Sunday, August 16, 2009

Tips on training your furry friend

Training Your Furry Companion

How to train a puppy is one of the most common questions raised by new dog owners. You have just brought this new creature into your lives and before too long you realize that unless you do something about it, your carefree companion ways are going to turn into a real headache (lol) when he is five times his current size and weight.
With that in mind, the following are what I consider the ten most important principles to take into account when training a puppy.

9 complete Principles of Dog Training

Starting the Process of Training
1. Utilize the first two months of the dogs life to shape the dogs behavior. This time should be spent teaching the dog where it can and can't go in your house, getting the puppy into a routine so that it knows its boundaries and potty training the puppy.
2. Don't start formal obedience training with your puppy until it has reached at least 2-3 months of age. Your puppy goes through drastic change during his first 2-3 months where the central nervous system is developing. A puppy will not be able to understand or cope with formal obedience training before then.
3. When you do start formal obedience sessions at 2-3 months of age do not make the sessions any longer than five minutes long. Break the sessions up so that your puppy never becomes bored and ensure that you make the sessions happy so that your puppy is left wanting more. This is crucial.

The most important commands
4. At 3 months of age concentrate on the three most important commands, 'down', 'stay' and the command that you should consider to be the most important-'come'. (The come command is crucial, it can save your dog’s life). The way to introduce these commands is as follows: "Whenever your dog sits or goes into the down position on its own free will, simply state the command 'sit' or 'down' to coincide with the action". Also, whenever you walk away from your furry companion and want the puppy to remain where it is, simply state the command 'stay'.
Sometimes you can even do this as early as 2 months old because you are not putting any pressure on the puppy but usually when the puppy is 3 months old it will then be ready to associate the command with the action in formal obedience sessions.
Praising and Rewarding the Puppy
5. Most owner make the mistake and yell, hit, punish or scold their puppy during obedience sessions, this will only hinder your puppy's learning by having a negative effect on his confidence. As a pet owner try and focus on positive reinforcement. Such as giving the puppy a treat even verbal praise as well.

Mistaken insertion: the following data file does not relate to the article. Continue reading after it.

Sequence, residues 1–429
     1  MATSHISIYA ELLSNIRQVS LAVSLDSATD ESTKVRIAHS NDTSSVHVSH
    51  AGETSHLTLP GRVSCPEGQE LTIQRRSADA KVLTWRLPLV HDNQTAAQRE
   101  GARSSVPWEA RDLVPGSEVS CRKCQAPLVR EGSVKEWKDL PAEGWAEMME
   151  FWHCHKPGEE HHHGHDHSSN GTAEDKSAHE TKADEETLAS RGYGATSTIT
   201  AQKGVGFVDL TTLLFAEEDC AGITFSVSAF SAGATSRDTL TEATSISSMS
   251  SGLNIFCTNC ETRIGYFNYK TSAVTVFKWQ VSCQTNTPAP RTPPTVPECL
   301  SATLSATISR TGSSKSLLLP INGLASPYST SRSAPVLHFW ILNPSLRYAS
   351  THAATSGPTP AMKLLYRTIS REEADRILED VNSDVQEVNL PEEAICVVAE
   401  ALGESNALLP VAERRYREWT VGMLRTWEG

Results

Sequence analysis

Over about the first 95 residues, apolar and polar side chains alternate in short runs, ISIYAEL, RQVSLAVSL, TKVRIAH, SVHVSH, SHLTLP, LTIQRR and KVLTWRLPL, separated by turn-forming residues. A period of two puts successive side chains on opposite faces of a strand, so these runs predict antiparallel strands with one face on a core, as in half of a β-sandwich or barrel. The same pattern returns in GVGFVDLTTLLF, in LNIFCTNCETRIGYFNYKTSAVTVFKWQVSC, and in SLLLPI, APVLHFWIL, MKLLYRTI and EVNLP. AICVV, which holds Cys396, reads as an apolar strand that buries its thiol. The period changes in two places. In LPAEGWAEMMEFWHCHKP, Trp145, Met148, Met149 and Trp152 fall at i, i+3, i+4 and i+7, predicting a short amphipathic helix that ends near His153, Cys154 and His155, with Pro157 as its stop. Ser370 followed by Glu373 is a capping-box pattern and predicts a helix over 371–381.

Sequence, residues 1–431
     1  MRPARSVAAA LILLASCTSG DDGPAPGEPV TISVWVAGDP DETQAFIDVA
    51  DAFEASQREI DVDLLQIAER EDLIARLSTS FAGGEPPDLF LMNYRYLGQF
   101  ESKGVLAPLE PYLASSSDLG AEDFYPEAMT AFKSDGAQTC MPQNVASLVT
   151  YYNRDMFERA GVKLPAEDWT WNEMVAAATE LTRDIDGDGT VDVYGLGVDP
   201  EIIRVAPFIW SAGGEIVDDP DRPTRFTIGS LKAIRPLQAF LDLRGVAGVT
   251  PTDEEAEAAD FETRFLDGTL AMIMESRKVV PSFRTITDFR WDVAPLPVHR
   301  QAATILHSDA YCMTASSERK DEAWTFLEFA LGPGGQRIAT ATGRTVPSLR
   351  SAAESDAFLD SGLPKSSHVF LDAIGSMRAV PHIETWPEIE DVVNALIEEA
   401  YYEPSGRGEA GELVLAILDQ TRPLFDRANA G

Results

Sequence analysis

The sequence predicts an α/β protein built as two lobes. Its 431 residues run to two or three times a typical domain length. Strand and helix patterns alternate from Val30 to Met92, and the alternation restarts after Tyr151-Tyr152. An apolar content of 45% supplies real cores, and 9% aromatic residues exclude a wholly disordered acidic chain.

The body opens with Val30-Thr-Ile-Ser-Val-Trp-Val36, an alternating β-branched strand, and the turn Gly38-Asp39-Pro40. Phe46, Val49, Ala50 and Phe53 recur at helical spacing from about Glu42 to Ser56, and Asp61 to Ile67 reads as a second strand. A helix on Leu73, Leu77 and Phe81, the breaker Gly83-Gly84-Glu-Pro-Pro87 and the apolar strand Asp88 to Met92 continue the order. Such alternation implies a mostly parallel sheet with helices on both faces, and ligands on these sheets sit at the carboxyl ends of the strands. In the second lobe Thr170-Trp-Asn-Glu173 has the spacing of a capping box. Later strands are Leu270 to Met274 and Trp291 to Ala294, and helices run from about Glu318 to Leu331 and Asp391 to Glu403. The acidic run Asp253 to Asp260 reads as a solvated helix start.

6. Try using food rewards 100% of the time, when you start formal obedience sessions with your puppy. However, slowly take them away because you want your puppy to be motivated to do a command without always receiving a treat. This is somewhat like raising children.


7. Whenever your puppy brings an item such as a stick to you, don’t immediately reach for the item. Instead pat the puppy on part of his body except his head and ignore the item at first. If you immediately reach for items that your puppy brings to you, he will always feel threatened whenever he has an item in his mouth. This will hinder progress with retrieve exercises and even with games such as retrieve with a ball or stick.

The Collar and Lead
8. During the first couple of months familiarize your puppy with the lead and collar. Do this by introducing the collar first. Show the puppy the collar and let him smell and investigate it before you place it on him. Do this in a positive environment, for instance when you are outside playing with the puppy. After he has investigated it, simply place the collar on the puppy with minimal fuss, give a food reward so that the puppy has a positive association with the collar and continue playing with the puppy as if nothing has happened. If the puppy becomes distracted and starts pawing at the collar etc. distract the puppy with a toy or food item to take his mind off the collar. Very soon, your puppy will have forgotten that the collar is there. After 1or 2 days of wearing the collar, introduce the lead. Again, do this under positive circumstances. Allow the puppy to investigate it and then clip it onto the collar then give a food reward. Allow the puppy to run around an area where he cannot get tangled, with the lead dragging behind him on the ground for around five to ten minutes. Extend this to around thirty minutes over the following week and then start picking up the lead for short periods while slowly walking around with the puppy following you.
Enjoy your Puppy
9. Lastly remember to enjoy your puppy. Make training for companion as stress free as possible. Accept that when you are training a puppy that things will go wrong and when they do move on with minimal fuss. Training is your responsibility as a dog owner. It is well worth the time and effort because the result is a companion that is always under your control and a pleasure to be around.
Final Thought- I hope this blog has been helpful for you and that it has taken the fear out of training your furry companion. For the latest dog product, you should feel free to visit href="">